ROCCAT Hiro Mousepad Reviewhornybluecow - May 19, 2013
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ROCCAT Hiro Testing:
To give you an idea of how the ROCCAT Hiro compares to other mousepads I will be using a qualitative approach for the Precision, Speed, and Control. Each description of my findings will be based off observation while playing Unreal Tournament 3. The game type is Deathmatch on DM-ShangriLa using Instagib mutator. My choice to use a semi-dated game and not another game or office software was because Unreal Tournament is known for its twitch gameplay. The graphics may be showing its age, but the core gameplay has not changed since its first debut in 1999. The ROCCAT Hiro is marketed toward gamers so it seemed most appropriate. Let me give a quick rundown of what my observations are based on. For Precision, I will keep track of how often I miss due to inaccuracy of the mousepad. Speed was based on how fast I could move the mouse across the screen with the DPI at 3500. Control is directly related to how smooth the cursor traveled across the screen and the ability to track targets. The hard data, or quantitative chart, was based on playing five matches with a score limit of 20 using each mousepad. The end results gave me the a Kill/Death ratio that I used as a comparison.
- Processor: AMD FX 8350 @ 4.0GHz
- CPU Cooling: Stock Cooler
- Motherboard: ASUS M5A99X Evo 2.0
- Memory: Corsair Vengeance DDR3 1600 16GB (2x8GB)
- Video Card: ASUS DCII GTX 570
- PSU: OCZ 850W Z Series Gold
- Hard Drive: Seagate 2TB 7200.13
- Optical Drive: DVD-Rom
- OS: Windows 7 Pro 64-bit SP1
- Mouse: Razer DeathAdder 3500 DPI
- Desk Surface
- Generic Black
- Generic Blue
When comparing each mousepad, the Hiro takes the lead and really gave me a feeling of accuracy. In the Instagib game mode you only have one chance to fire, otherwise you are toast. So being on target the first time is absolutely necessary. I also switched around the pads randomly because I didn't want to unknowingly be biased. In do so, the generic black was clearly the worst and I often missed my shots as a result. It was very frustrating to be nearly on target, but just enough to pass right by. A little of that has to do with control, but I'll cover that soon enough. The desk surface for me was almost as good as a cheap mousepad. This may be different than most people might think and that is because I swore off mousepads for a while and became accustomed to the desk. For most people, it is uncomfortable and hard to use in which the only pad to really not hurt my wrist was the Hiro. Granted it does not have a wrist gel found often on work mousepads, but it gave enough clearance to feel comfortable enough.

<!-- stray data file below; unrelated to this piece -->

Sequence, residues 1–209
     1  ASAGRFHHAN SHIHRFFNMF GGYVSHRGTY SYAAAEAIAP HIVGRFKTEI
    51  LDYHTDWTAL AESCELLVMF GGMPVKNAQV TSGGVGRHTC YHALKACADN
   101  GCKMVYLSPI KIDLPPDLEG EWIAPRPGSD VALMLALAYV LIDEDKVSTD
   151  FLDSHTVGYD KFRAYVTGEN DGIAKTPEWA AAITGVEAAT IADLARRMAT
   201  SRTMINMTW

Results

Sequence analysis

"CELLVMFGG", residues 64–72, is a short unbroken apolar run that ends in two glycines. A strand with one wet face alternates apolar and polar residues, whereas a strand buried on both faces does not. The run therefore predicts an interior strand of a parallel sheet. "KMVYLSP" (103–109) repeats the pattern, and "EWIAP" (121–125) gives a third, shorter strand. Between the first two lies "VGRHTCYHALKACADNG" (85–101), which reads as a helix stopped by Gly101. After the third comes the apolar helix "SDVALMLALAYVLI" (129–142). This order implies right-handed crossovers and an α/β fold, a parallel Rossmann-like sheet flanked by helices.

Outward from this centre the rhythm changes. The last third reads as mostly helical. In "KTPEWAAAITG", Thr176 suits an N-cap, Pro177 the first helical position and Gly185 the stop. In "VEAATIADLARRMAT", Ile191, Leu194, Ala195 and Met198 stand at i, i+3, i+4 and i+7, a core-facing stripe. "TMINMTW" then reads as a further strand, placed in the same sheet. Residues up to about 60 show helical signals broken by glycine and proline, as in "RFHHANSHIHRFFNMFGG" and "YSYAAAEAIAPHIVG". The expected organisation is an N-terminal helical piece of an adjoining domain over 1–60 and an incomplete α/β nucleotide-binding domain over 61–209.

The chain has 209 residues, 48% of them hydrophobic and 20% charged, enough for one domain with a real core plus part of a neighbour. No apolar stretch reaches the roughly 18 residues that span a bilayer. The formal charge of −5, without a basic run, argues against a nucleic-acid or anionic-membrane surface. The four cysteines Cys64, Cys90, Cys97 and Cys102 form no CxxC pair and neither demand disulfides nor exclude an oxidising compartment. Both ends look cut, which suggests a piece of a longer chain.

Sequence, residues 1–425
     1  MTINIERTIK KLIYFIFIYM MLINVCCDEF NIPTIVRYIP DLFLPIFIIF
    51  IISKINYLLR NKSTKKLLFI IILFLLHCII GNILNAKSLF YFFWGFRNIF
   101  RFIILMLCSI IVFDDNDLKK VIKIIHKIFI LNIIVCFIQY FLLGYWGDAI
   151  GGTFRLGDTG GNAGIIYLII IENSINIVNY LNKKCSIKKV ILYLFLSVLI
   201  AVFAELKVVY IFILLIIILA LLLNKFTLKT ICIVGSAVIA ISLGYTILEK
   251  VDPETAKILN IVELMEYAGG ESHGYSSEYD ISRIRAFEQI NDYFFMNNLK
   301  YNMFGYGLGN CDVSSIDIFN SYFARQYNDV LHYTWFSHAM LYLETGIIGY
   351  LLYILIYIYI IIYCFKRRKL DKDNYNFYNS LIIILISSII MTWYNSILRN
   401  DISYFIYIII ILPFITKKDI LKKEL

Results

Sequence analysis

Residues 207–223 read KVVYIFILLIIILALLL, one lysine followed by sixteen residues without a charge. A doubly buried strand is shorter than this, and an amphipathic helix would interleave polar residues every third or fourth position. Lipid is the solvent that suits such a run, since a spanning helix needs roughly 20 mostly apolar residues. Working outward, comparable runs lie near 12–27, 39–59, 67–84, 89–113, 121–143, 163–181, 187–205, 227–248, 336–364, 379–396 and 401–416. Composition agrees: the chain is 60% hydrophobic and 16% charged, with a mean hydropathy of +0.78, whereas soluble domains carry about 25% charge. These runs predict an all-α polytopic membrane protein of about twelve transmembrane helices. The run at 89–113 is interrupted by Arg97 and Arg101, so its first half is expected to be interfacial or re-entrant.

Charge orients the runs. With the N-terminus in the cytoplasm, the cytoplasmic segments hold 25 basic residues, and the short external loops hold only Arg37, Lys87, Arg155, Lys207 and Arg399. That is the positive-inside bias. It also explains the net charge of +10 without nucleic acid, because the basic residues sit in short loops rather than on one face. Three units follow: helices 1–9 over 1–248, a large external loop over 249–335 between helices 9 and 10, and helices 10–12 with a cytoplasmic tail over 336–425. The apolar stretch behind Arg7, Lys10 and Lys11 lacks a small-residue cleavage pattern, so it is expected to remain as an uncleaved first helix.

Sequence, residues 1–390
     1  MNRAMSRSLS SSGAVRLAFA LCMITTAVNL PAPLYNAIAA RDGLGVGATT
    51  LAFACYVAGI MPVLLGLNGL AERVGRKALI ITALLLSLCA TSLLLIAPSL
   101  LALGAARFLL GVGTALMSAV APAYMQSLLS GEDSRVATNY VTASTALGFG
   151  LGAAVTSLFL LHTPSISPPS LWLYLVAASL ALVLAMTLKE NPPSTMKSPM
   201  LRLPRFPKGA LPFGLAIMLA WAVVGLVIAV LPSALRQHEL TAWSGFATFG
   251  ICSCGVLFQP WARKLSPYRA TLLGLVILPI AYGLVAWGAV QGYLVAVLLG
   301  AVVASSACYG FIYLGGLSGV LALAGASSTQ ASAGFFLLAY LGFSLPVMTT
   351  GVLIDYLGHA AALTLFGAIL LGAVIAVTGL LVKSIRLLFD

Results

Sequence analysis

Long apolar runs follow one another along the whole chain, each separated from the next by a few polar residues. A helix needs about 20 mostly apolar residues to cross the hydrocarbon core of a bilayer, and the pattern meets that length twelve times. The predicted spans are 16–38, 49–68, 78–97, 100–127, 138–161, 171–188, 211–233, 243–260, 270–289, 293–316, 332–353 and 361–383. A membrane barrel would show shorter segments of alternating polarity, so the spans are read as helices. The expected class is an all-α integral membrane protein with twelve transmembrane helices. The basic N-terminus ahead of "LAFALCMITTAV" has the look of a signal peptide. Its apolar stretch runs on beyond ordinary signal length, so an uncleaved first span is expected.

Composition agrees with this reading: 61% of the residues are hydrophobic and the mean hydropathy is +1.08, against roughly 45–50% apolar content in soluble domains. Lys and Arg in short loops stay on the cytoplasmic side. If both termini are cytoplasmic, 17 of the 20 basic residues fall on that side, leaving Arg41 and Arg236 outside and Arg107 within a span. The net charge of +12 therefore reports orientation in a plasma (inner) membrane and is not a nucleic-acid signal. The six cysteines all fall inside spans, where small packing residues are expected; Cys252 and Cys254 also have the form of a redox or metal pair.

For the Speed comparison, I turned the DeathAdder to 3500 DPI with the goal to see if the mousepad was still readable. The good news is the Razer DeathAdder picked up the Hiro and I could barely keep track of where the mouse went. The worst surface was the desk - I almost had to pick up the mouse before it moved off the desk. There is not much to this observation, but just remember fast is good because you can always turn down the sensitivity. On the other hand, if your mouse does not pick it up the pad in the first place, then that becomes a problem. I find myself leaving the DeathAdder at 1800 DPI and making slight adjustments in game. If you are playing a real-time strategy (RTS) game, a low DPI might suit you better, but I've also known a few people who max out the DPI so they don't have to move their hand basically at all.
Control is a little hard to explain if you are not a first-person shooter (FPS) gamer. The problem I had across all the mousepads except for the Hiro (surprise), was moving the mouse in a diagonal direction. If you play FPS games you know that being able to look up, down, and left to right is essential. Interesting enough, if you pay close attention, you are often traveling at an angle. If you have played Unreal Tournament, this is something that is constantly happening and everything is based on twitch reflex. The second you stand still to readjust, you become a target. I could feel and see a noticeable difference between the Hiro and the rest. The Hiro was smooth and nearly always on target (human flaws aside).
The Gaming chart below is based on a tally of kills and death. I played five matches with each mousepad and recorded the score and then averaged them together. The game was set up playing Deathmatch on DM-ShangriLa using Instagib mutator. The bots skill level was set to Master and bot count was 20 with the score limit 20 also. The bot skill was based on playing games using the generic blue mouse pad and finding an average of 1:1 kill ratio.
The gaming chart goes hand in hand with control and in fact they all the relate to each other. The better the control was, the better I was able to move around and be nearly on target. There is nothing worse than running by your enemy, only to be killed from behind because you could not turn fast enough. Looking at the gaming chart, it helps to sum up the rest. I was able to get more kills than deaths and win every match using the Hiro. All that contributed to taking long distance pot shots, hitting the target, and being able to jump and dodge incoming fire while keeping my aim steady on the opposing enemies. You might think two or three fewer deaths is meaningless, but it can be a big deal between first and third place. I did not get first place with two of the mousepads, and you can see that with the average being less than 20. In reality, a chart can't properly show a kill/death ratio; I think a plot graph might have helped more. Getting five kills in a row then dying three times within five seconds is something worth mentioning. I was rocking with the Hiro, only to be at match point and die three times. The rest of the pads either were 1:1 ratios or pure luck I finished the match in first place.